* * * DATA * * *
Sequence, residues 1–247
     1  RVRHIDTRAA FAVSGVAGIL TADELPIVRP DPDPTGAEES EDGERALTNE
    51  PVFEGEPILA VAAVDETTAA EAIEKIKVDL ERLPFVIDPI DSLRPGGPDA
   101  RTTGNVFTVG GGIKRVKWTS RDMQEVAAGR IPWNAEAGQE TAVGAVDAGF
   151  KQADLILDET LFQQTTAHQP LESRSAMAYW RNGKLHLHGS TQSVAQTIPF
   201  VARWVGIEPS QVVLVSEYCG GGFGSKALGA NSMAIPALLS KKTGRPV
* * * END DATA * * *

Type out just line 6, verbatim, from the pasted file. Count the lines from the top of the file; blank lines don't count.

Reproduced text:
   201  VARWVGIEPS QVVLVSEYCG GGFGSKALGA NSMAIPALLS KKTGRPV